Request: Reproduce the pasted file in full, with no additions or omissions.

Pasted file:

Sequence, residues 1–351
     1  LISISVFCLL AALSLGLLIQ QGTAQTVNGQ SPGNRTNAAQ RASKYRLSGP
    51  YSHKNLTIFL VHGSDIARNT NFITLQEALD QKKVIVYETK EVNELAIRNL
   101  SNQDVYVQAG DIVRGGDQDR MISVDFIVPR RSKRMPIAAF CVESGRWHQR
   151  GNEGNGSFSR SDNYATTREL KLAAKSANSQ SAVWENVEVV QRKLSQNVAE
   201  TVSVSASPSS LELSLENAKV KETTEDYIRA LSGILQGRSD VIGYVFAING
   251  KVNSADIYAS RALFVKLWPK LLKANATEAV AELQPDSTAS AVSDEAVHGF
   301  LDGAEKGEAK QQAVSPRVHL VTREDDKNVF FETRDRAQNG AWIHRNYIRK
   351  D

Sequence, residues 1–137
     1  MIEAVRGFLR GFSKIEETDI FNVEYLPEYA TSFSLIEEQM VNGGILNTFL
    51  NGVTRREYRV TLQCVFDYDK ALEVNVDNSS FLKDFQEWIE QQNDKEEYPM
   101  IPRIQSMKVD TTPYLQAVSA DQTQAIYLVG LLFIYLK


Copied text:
Sequence, residues 1–351
     1  LISISVFCLL AALSLGLLIQ QGTAQTVNGQ SPGNRTNAAQ RASKYRLSGP
    51  YSHKNLTIFL VHGSDIARNT NFITLQEALD QKKVIVYETK EVNELAIRNL
   101  SNQDVYVQAG DIVRGGDQDR MISVDFIVPR RSKRMPIAAF CVESGRWHQR
   151  GNEGNGSFSR SDNYATTREL KLAAKSANSQ SAVWENVEVV QRKLSQNVAE
   201  TVSVSASPSS LELSLENAKV KETTEDYIRA LSGILQGRSD VIGYVFAING
   251  KVNSADIYAS RALFVKLWPK LLKANATEAV AELQPDSTAS AVSDEAVHGF
   301  LDGAEKGEAK QQAVSPRVHL VTREDDKNVF FETRDRAQNG AWIHRNYIRK
   351  D

Sequence, residues 1–137
     1  MIEAVRGFLR GFSKIEETDI FNVEYLPEYA TSFSLIEEQM VNGGILNTFL
    51  NGVTRREYRV TLQCVFDYDK ALEVNVDNSS FLKDFQEWIE QQNDKEEYPM
   101  IPRIQSMKVD TTPYLQAVSA DQTQAIYLVG LLFIYLK